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Psychologist as Expert Witness (From Psychology, Law and Legal Processes, P 44-53, 1979, by D P Farrington, et al - See NCJ - 70738)

NCJ Number
L R C Haward
Date Published
10 pages
The roles of the forensic psychologist as expert witness are discussed.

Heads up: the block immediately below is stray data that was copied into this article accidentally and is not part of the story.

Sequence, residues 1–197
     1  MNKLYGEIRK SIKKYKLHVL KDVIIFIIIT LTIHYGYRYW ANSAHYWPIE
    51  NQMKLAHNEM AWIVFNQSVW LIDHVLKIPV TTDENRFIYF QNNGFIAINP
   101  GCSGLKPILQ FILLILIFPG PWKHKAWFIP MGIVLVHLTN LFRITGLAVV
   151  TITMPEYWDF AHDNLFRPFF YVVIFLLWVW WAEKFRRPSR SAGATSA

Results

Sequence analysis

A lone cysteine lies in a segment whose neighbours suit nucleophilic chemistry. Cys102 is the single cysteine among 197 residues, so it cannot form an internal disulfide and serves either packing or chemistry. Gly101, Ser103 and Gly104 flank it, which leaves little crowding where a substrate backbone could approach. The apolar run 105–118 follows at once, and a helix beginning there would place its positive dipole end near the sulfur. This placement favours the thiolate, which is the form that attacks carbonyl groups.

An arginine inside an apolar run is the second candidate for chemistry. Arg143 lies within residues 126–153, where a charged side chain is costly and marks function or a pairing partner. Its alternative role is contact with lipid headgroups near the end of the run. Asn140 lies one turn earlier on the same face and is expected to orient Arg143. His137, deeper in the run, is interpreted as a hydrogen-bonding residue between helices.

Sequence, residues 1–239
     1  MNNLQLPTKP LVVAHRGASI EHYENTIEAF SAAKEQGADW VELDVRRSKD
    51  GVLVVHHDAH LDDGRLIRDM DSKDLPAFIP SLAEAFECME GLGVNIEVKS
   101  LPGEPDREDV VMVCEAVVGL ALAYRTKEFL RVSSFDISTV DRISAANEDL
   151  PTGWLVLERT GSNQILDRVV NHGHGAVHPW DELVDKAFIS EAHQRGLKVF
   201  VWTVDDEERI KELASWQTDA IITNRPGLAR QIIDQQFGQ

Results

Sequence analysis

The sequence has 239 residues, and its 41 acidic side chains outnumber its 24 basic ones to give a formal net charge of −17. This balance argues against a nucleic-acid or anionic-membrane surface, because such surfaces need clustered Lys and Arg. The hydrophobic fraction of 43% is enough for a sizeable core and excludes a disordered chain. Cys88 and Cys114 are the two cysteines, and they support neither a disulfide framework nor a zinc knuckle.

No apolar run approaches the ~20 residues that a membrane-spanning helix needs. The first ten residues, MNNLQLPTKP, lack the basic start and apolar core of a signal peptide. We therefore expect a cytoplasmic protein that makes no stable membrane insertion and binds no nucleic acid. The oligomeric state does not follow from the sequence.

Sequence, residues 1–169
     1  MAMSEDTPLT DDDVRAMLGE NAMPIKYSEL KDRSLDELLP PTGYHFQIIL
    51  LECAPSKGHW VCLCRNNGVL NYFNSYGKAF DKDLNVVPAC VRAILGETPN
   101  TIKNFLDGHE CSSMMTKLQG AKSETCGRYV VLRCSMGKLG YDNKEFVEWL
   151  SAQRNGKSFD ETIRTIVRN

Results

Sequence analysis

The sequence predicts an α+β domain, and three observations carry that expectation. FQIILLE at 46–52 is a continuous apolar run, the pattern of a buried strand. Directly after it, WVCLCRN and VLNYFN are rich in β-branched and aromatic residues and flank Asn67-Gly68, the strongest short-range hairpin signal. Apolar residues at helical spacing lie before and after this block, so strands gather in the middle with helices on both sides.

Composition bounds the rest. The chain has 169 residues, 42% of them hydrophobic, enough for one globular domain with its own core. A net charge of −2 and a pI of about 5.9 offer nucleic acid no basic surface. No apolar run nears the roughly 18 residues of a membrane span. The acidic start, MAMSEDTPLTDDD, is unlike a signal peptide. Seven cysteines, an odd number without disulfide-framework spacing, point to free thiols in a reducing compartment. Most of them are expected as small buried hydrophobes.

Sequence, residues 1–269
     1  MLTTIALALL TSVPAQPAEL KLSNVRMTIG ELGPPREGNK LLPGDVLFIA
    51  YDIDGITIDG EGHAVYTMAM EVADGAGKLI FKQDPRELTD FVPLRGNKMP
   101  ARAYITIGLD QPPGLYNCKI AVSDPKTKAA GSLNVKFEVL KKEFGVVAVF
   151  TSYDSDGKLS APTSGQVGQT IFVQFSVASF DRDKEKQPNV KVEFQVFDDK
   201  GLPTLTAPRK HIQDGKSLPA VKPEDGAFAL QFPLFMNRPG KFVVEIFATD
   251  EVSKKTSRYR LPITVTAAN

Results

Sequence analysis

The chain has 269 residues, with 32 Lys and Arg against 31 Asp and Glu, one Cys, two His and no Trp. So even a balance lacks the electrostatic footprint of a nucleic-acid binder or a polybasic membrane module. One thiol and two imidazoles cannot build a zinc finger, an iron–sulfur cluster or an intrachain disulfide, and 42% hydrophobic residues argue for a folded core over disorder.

The roles of the forensic psychologist as expert witness are as experimental psychologist, actuary, and medical witness. In the first of these roles, the experimentalist can offer evidence in three ways. He/she can comment on experimental data from the general body of psychological knowledge, provide evidence from his/her own laboratory studies, or report on field studies he/she has conducted in relation to the case at issue. In the role of actuary, the psychologist can provide the court with data which gives the probability of a particular event or circumstance happening or the mean value of something. The psychologist as actuary is basing calculations on all the relevant observations made by psychologists through the years, but in particular cases, he/she may go into the field for observations. Probability statments, however, are used less in court than in helping the police to decide whether to pursue a particular line of investigation. In the role of medical witness, the psychologist may provide supplementary or complementary evidence bearing upon other medical evidence (for example, to the neurologist in compensation cases, or to the psychiatrist in criminal cases), or provide independent evidence. In civil cases, the forensic psychologist is most often concerned with compensation cases. The psychologist also may function in the court of chancery when an appellant is trying to gain freedom from the court of protection. The psychologist may be asked to testify about the appellant's ability to handle his/her own affairs. Other legal contexts where the psychologist may contribute medical evidence are mental health tribunals, divorce proceedings, and criminal trials, where the psychologist may be concerned with the application of M'Naghten rules and the legal concept of diminished responsibility. Notes and seven references are provided. For related documents, see NCJ 70739 and 70741-48.


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